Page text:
This paper summarizes the benefits and challenges of flipping an entrepreneurship course in two ways. The conventional flip changes how lecturers and students relate to the course content by primarily affecting when and where they learn, but not necessarily how. Flipping the classroom inside-out grounds the lessons learned in the 'real world' by bringing in guests to help run workshops in the classroom, and by getting students to validate their business ideas outside the classroom. This inside-out flip involves additional logistical challenges. However, it appears to be a better fit with the overarching set of attributes that graduates are expected to attain, and the assessment thereof.
Ozdemir, SZ, Moran, P, Zhong, X & Bliemel, MJ 2014, 'Reaching and Acquiring Valuable Resources: The Entrepreneur's Use of Brokerage, Cohesion, and Embeddedness'.
Shim, J, Bliemel, MJ & Choi, M 2014, 'From Words to Models: A Bibliometric Approach to Designing Agent-Based Models in Entrepreneurship', International Journal of Entrepreneurial Behavior & Research.View/Download from: UTS OPUS or Publisher's site
Maine, E, Thomas, VJ, Bliemel, MJ, Murira, A & Utterback, J 2014, 'The Emergence of the Nanobiotechnology Industry', Nature Nanotechnology, Vol. 9, no. 1.
Shim, J & Bliemel, MJ 2013, 'How Can We Predict the Performance of Small Firms' Online Advertising? An Agent-Based Modelling & Simulation Approach'.
Bliemel, MJ, Flores, RG, Hamilius, J & Gomes, H 2013, 'Accelerate Australia Far: Exploring the Emergence of Seed Accelerators within the Innovation Ecosystem Down-Under'.
Maine, E, Bliemel, M, Murira, A & Utterback, J 2012, 'Knowledge diversity in the emerging global bio-nano sector', Materials Research Society Symposium Proceedings, vol. 1466, pp. 14-25.View/Download from: Publisher's site
As scientists are able to understand and manipulate ever smaller scales of matter, research in the fields of biotechnology and nanotechnology has converged to enable such radical innovations as lab-on-a-chip devices, targeted drug delivery, and other forms of minimally invasive therapy and diagnostics. This paper provides a descriptive overview of the emerging bio-nano sector, identifying what types of firms are entering, from what knowledge base, where they are located, and their strategic choices in terms of technological diversity and R&D strategy. The firms engaged in bio-nano research and development span the range from start-up firm to multinational pharmaceutical, biotech, chemical, and electronics firms: two thirds of bio-nano firms are relatively young and relatively small. The United States dominates this sector, with more than half of all bio-nano firms located in the USA. Even within this sector which epitomizes the convergence of technology, there is a broad range of technological diversity, with the most diverse firms overall coming from a base in electronics, the most diverse start-up firms coming from a base in nanomaterials, and the most narrowly focused firms coming from a biotechnology/pharmaceutical base. We find that hybridization has been the dominant knowledge diversity strategy, with 93% of the bio-nano firms with nano-patents holding multi-class patents. © 2012 Materials Research Society.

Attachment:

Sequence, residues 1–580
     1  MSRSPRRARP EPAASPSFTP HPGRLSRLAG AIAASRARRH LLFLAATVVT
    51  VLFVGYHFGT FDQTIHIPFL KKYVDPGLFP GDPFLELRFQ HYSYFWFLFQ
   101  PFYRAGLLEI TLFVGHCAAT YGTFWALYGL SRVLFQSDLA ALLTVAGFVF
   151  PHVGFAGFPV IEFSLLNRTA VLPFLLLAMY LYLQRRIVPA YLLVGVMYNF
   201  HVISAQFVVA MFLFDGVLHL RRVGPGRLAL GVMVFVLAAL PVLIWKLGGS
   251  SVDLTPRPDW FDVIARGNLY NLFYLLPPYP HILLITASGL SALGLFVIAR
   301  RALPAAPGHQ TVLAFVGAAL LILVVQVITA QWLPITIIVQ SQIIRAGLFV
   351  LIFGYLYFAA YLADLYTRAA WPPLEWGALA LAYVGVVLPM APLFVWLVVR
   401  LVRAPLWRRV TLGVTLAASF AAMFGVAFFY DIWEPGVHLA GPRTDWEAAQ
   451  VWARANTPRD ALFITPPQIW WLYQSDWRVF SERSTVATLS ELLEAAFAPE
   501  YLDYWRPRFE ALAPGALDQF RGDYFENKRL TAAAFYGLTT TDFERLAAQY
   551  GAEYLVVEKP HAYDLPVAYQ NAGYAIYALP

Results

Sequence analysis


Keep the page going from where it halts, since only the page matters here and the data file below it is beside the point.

Bliemel, MJ, McCarthy, IP & Maine, E 2009, 'In Search of Entrepreneurial Network Configurations: Using Q-Analysis to Study Network Structures and Flows'.
Bliemel, MJ & McCarthy, IP 2008, 'Networks of dedicated biotechnology and service fi rms in Vancouver', Journal of Commercial Biotechnology, vol. 14, no. 3, pp. 265-273.View/Download from: Publisher's site
Survival and growth of firms depends on their relationships to other organisations, including key suppliers, customers, supporters and competitors. This study compares geographic aspects of the networks of biotechnology firms (DBFs) and contract research organisations and service firms (CROs) in Vancouver, Canada. We find that for DBFs the key actors (organisations and individuals) that they network with are globally located (ie not local), despite the DBFs having originated from a local university. In contrast, CROs are more likely to network with localactors, and with actors on the same continent. Of the DBFs providing performance data, the distribution of their performance is consistent with recent developments in structural embeddedness theory (ie network coupling theory). This suggests that their performance may be inhibited if they are under- or over-embedded in their network, with the greatest opportunity for success in a medium range of coupling.